What causes postpartum depression? The large drop in estrogen and progesterone immediately following childbirth can cause depression, much like the smaller changes in hormone levels around the time of the menstrual cycle can contribute to stress or mood swings. Other risk factors for the development of postpartum depression include low infant birth weight, baby admission to the neonatal ICU, tobacco use during the last 3 months of pregnancy, physical abuse and partner, traumatic, or financial stressors during pregnancy. A history of depression prior to pregnancy is also a risk factor.
What’s the difference between the baby blues and postpartum depression? Postpartum blues generally begin 2-3 days after childbirth. The symptoms involve feelings of sadness, guilt or anger toward themselves, their baby or their partner. A woman may cry for no reason, wonder if she is capable of caring for her newborn, and be unable to sleep. These symptoms differ from postpartum depression in that they are generally more mild and resolve on their own in 1-2 weeks. However, postpartum depression usually doesn’t begin until 1-3 weeks postpartum (although it may take as long as a year before it develops), and it involves intense feelings of sadness, despair or anger that keep a woman from being able to do her daily activities.
How is postpartum depression treated? Often antidepressants are a first line of treatment. Talk therapy with a mental health care professional may also be appropriate. Very rarely is hospitalization required, and this is generally reserved for patients who may be at risk to harm themselves or others.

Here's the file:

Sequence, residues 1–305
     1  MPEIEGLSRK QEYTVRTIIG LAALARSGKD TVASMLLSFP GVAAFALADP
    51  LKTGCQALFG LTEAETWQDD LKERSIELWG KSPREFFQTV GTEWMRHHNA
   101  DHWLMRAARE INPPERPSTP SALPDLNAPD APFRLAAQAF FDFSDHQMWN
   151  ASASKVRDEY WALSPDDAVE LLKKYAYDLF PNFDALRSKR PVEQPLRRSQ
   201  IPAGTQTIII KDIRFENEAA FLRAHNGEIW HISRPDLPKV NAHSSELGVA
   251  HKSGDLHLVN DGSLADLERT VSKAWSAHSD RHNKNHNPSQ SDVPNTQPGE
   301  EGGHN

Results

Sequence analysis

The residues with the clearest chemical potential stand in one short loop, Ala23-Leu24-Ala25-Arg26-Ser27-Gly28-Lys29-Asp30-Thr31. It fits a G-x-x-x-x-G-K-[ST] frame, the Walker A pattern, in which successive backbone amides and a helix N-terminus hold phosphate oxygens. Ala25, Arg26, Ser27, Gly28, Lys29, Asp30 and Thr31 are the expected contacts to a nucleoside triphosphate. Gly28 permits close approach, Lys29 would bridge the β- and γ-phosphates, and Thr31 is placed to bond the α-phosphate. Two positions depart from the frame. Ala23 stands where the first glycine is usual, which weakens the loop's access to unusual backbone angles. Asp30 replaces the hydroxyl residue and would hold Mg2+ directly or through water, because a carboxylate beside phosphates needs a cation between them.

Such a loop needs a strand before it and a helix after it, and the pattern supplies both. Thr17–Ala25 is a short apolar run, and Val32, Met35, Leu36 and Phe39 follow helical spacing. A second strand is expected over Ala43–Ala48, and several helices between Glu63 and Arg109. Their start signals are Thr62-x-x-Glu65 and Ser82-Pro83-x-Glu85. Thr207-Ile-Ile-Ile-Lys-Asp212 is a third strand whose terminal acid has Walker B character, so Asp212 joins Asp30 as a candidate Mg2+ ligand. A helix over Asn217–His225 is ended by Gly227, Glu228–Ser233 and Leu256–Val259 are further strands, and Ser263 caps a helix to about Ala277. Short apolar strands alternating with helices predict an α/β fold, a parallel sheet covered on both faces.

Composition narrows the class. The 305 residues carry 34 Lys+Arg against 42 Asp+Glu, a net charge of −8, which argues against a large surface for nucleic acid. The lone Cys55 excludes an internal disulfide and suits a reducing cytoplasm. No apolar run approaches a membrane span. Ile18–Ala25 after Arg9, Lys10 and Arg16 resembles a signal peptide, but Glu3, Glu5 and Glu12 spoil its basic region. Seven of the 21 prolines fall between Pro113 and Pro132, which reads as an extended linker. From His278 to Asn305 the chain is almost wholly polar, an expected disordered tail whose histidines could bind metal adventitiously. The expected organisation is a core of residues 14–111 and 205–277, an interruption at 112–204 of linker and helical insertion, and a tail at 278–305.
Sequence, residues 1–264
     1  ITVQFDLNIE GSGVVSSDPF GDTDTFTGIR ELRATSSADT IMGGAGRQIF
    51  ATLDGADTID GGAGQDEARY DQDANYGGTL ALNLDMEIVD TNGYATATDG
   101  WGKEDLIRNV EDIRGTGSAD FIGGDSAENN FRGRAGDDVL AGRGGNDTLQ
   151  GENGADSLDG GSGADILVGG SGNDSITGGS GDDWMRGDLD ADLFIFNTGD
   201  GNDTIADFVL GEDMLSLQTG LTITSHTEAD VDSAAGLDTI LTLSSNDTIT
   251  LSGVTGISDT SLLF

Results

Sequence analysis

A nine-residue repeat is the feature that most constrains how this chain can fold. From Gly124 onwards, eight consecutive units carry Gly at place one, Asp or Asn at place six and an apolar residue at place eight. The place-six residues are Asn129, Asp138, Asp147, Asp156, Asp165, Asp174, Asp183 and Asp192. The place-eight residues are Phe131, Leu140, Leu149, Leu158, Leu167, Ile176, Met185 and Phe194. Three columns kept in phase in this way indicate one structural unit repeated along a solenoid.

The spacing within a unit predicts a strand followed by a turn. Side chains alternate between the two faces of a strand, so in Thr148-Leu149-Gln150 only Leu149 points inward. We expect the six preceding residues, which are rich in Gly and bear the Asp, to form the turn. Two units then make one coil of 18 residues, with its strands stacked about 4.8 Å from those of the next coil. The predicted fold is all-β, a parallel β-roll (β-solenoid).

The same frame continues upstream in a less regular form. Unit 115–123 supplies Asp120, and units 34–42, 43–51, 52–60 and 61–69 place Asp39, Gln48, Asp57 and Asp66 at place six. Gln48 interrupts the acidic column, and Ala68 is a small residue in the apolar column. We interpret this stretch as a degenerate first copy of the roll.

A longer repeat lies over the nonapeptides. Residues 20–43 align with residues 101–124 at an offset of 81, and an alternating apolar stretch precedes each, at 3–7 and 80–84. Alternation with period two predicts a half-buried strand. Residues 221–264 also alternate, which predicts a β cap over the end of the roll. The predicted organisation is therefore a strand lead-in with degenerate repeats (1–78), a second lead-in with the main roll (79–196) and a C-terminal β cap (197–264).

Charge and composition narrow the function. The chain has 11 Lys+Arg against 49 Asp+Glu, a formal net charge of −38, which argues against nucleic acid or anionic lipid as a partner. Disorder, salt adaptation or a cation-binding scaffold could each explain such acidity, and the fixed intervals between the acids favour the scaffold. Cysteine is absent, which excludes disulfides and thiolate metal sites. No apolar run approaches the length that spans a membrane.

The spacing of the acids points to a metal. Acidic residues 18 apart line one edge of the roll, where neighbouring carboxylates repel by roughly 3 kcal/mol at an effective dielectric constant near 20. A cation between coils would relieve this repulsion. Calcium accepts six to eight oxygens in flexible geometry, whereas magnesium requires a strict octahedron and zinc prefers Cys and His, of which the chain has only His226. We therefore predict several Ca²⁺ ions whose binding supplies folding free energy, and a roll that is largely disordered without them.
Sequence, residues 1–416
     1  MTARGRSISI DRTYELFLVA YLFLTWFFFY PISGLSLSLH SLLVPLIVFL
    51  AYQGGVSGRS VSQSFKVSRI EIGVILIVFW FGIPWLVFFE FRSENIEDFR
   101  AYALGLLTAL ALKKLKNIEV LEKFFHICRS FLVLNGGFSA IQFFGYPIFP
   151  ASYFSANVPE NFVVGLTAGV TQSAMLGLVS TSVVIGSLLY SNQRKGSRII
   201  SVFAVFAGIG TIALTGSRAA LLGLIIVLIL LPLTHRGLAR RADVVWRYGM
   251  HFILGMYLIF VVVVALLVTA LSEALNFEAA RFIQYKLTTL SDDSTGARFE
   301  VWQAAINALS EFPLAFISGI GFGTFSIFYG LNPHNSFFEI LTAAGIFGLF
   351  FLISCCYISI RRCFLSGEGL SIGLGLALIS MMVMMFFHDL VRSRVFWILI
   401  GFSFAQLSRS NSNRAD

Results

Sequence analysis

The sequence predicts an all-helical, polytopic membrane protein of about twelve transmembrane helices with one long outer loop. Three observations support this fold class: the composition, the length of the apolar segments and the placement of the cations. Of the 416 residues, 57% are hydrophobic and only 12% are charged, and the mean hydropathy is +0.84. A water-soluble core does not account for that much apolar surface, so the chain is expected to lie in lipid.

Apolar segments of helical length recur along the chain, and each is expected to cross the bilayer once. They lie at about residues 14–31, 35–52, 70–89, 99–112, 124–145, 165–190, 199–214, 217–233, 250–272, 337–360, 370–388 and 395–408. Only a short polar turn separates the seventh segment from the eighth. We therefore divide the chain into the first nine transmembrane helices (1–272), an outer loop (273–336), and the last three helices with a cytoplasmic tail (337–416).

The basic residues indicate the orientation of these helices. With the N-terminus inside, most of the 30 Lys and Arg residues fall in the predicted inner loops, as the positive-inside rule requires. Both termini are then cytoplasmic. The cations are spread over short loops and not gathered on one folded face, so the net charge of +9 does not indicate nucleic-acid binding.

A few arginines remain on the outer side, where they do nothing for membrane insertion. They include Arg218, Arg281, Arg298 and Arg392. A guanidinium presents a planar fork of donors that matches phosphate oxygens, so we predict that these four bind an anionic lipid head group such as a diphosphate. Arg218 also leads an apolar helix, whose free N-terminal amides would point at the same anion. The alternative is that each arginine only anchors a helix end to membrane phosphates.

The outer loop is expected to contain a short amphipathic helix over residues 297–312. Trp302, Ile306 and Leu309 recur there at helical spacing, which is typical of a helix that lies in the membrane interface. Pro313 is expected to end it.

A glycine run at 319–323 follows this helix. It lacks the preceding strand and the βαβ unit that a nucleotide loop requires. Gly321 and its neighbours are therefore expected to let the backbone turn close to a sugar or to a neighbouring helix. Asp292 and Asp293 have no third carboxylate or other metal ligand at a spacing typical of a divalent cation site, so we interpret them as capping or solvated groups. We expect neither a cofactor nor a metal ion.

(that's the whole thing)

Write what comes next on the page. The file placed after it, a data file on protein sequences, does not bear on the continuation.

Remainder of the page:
Tell me more about antidepressants. SSRIs (selective serotonin re-uptake inhibitors) are usually the type of antidepressant used first, and it may take up to 3-4 weeks before these medications become effective. Side effects are usually mild and may include weight gain, decreased libido, drowsiness, and GI distress. Be sure to notify your provider if you experience suicidal or homicidal thoughts or ideation. Although these medications may be passed through breast milk, the concentration of antidepressants in breast milk is typically very low. Be sure to let your doctor know if you are breastfeeding while taking these medications as well as notifying the doctor for your baby.
Does this mean I have to take medications for the rest of my life? If your mood stabilizes, then a trial of weaning your antidepressant may be appropriate. This may be an option as soon as 3-6 months after starting the medication, or it may be better to continue for at least a year. Before stopping or weaning your antidepressant, be sure to discuss your treatment plan with the provider who prescribed the medication for you.
What to watch out for: Be sure to seek care immediately if you have thoughts of harming yourself, your baby or another person, or if you begin to see things that aren’t really there. A partner may also notice concerning symptoms that aren’t apparent to you, and if this is the case, it is prudent to seek further evaluation.
Remember, just because you experience postpartum depression, that doesn’t make you a bad mother or “not normal.” More than 1 in 10 mothers will require treatment for postpartum depression following pregnancy, and that’s ok. Help can be found at your doctor’s office, support groups, your hospital, and of course, your family. Having postpartum depression is nothing to be ashamed of; not seeking help is.